It’s not poison ivy! … of course the best way to know that for sure is to see this plant when it’s flowering in the summer. Then it’s pretty unmistakably not poison ivy.
“This plant is only one of about 30 species worldwide that produces both above- and belowground flowers and fruits. The subterranean flowers don’t open, are self-fertile, and produce fruits with a single large seed. In contract, the aerial flowers open, can cross-pollinate, and produce fruits with 1-3 smaller seeds with greater potential for dispersal. … The production of two types of flowers and two types of fruit is considered a bet-hedging strategy that may reap both short- and long-term benefits.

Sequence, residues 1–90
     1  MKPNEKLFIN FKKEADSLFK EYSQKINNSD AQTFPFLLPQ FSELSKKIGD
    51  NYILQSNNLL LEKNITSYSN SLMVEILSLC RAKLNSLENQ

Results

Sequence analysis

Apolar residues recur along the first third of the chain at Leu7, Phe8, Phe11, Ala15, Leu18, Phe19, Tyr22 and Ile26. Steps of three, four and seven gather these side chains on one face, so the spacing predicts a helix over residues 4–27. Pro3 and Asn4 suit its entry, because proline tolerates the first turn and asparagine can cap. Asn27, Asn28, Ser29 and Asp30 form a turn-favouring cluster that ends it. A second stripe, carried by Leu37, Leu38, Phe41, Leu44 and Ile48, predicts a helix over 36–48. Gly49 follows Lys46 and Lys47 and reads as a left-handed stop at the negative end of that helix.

Size: 2'-8' long vine Family: Fabaceae (Bean family) Habitat: Moist to dry forests, forest edges, roadsides. Identification: A vine that twines, it's an annual and sometimes perennial which has three ovate leaves. The middle leaf extends on a longer stem. Flowers are similar to pea flowers, and are pale lilac to white colored, on long stalks from the leaf axil. Fruits a legume. Flowers July-September, Fruits August-October Uses: Native Americans would boil the subterranean fruits which are somewhat similar to garden beans.